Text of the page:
Stefan was less than ten years old when his father died, thus, the Despot title was recognized to him only in 1520. After the defeat of the Hungarians at Mohács (1526), the Hungarian nobility was divided into two sides; one led by King Ferdinand Habsburg, on whose side Berislavić stood, and one led by John Zápolya, the Duke of Transylvania. Stefan died in 1535. After the fall of Hungary, there were two more titular Despots, Radič Božić (1527–28), received by Zápolya, and Pavle Bakić (1537), received by Ferdinand.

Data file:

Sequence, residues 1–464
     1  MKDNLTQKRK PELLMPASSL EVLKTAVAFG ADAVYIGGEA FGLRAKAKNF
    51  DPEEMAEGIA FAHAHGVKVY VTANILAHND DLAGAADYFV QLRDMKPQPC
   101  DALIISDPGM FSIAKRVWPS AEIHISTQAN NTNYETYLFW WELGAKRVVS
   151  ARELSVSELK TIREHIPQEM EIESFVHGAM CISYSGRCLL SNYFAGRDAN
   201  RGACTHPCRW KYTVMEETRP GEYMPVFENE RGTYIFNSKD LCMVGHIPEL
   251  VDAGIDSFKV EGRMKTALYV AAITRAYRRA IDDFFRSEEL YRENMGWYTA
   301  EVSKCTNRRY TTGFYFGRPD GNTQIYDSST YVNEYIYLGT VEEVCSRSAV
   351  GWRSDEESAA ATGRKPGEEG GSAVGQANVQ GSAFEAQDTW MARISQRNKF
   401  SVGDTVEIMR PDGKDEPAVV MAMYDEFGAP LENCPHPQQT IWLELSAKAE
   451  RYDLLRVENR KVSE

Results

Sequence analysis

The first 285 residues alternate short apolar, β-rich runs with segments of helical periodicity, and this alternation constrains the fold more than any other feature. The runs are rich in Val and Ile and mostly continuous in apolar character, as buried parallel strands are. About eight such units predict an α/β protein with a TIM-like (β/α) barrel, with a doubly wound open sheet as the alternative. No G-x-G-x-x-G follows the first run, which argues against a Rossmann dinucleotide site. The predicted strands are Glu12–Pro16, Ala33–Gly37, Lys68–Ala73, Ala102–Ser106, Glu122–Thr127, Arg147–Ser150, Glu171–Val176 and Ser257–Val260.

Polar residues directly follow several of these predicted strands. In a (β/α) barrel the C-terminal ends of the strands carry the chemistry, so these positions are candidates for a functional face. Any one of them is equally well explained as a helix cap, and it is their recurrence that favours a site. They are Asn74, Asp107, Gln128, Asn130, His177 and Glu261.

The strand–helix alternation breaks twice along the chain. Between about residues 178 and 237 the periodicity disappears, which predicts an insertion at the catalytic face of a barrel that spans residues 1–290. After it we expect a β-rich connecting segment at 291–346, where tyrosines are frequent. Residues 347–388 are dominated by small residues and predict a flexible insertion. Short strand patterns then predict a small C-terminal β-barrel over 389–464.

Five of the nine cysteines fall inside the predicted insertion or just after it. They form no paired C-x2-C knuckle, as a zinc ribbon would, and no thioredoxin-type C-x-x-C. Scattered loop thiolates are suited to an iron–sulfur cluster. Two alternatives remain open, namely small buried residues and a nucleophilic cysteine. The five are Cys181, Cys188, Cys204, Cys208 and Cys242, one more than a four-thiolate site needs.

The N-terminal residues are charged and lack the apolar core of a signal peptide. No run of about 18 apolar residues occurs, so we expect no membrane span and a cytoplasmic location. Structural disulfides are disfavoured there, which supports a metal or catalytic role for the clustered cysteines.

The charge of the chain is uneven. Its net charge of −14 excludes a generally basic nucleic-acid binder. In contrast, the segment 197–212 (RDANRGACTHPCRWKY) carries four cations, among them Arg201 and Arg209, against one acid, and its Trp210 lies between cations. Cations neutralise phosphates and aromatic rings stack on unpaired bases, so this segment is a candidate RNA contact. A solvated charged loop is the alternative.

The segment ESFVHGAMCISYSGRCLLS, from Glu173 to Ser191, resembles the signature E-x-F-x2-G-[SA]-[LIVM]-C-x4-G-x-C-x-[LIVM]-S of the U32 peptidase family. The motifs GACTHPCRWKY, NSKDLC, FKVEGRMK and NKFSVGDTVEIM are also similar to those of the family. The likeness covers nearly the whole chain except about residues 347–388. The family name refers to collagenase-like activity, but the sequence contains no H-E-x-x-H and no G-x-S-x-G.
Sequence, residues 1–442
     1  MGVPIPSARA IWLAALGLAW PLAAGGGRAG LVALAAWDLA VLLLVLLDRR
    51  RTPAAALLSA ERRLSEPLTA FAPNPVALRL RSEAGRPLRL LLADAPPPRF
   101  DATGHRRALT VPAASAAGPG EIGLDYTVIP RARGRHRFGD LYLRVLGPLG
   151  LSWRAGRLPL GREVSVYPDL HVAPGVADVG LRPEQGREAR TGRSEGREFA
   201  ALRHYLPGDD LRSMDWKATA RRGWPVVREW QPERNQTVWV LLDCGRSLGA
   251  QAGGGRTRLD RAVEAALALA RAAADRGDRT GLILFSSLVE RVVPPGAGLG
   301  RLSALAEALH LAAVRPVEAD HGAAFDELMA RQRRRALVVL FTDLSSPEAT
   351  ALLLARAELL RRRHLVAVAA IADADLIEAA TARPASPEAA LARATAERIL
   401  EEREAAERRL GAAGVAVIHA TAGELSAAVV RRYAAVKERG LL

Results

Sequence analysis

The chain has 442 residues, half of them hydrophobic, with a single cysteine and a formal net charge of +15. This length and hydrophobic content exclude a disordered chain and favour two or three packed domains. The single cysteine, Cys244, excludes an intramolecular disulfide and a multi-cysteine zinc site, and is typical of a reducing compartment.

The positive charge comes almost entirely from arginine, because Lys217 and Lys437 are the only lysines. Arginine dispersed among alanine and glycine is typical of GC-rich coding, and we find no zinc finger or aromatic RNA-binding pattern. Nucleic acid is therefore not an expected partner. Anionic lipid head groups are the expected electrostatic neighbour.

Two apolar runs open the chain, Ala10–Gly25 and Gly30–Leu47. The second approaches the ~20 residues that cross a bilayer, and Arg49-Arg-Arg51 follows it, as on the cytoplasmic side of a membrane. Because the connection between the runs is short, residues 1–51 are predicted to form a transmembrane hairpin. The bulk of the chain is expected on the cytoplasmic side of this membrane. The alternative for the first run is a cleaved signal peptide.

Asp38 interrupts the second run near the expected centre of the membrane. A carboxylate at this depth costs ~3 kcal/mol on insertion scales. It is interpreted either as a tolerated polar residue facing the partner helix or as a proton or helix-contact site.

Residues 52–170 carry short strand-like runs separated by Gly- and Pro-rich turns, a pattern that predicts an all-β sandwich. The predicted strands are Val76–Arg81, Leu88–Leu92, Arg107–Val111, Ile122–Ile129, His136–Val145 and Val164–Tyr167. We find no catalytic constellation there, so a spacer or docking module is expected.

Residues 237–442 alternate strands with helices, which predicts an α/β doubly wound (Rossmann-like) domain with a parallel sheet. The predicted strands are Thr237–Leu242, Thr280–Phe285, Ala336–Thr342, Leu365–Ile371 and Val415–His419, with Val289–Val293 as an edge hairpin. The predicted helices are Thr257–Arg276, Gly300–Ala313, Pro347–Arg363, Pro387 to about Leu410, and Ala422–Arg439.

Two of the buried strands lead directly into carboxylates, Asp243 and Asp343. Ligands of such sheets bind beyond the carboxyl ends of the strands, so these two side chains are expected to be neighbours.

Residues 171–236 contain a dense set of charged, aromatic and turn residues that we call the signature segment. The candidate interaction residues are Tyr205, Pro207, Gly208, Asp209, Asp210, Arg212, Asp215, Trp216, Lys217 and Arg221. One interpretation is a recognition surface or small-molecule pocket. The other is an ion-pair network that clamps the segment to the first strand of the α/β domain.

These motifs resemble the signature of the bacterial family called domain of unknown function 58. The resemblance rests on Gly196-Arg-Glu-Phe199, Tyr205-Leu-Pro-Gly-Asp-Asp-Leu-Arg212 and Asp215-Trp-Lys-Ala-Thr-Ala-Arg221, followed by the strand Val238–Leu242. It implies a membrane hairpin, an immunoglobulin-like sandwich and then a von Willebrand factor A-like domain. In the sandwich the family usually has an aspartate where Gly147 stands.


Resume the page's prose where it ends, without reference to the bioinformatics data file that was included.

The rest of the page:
Name: He was crowned "Stefan, Despot of Rascia" (Stefan despot Raške). Croatian historiography use Stjepan, while Serbian historiography use Stefan, Stevan and Stjepan. In Hungarian, his full name is written Beriszló István.
^ abDrago Roksandić (2004). Etnos, konfesija, tolerancija. Srpsko Kulturno Društvo "Prosvjeta". ISBN 978-953-6627-65-3. Među njegovim pristašama bio je i tadašnji srpski despot, inače hrvatski velikaš, Stjepan (Stefan) Berislavić, koji je sudjelovao i u svečanosti krunisanja kao "Stefan despot Raške".4
^ abStrossmayer, Josip Juraj (2005). Izabrani književni i politički spisi. Berislavići Grabarski
^Gábor Barta (1994). La route qui mène à Istanbul: 1526-1528. Akadémiai Kiadó. ISBN 978-963-05-6783-1. Beriszlô, Istvân (Stevan Berislavic)